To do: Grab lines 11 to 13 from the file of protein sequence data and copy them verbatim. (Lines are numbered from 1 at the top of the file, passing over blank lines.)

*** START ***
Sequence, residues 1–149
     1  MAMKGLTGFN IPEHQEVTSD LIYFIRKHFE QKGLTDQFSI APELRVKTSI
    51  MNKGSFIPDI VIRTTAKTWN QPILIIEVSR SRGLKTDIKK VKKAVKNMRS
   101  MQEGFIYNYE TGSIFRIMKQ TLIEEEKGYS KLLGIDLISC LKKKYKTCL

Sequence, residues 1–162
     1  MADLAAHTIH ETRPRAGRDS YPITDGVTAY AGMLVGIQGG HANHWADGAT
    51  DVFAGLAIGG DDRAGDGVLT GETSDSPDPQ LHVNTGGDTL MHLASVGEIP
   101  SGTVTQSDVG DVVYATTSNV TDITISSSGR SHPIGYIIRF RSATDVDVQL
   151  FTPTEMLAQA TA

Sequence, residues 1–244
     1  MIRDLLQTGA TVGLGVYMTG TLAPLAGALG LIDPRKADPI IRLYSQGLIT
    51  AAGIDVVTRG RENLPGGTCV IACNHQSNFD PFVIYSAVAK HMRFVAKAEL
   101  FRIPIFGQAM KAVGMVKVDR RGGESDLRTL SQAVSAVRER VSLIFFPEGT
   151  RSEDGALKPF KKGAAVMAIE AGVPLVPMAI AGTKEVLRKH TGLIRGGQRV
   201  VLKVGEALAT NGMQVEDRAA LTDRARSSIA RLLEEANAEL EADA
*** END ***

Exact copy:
     1  MIRDLLQTGA TVGLGVYMTG TLAPLAGALG LIDPRKADPI IRLYSQGLIT
    51  AAGIDVVTRG RENLPGGTCV IACNHQSNFD PFVIYSAVAK HMRFVAKAEL
   101  FRIPIFGQAM KAVGMVKVDR RGGESDLRTL SQAVSAVRER VSLIFFPEGT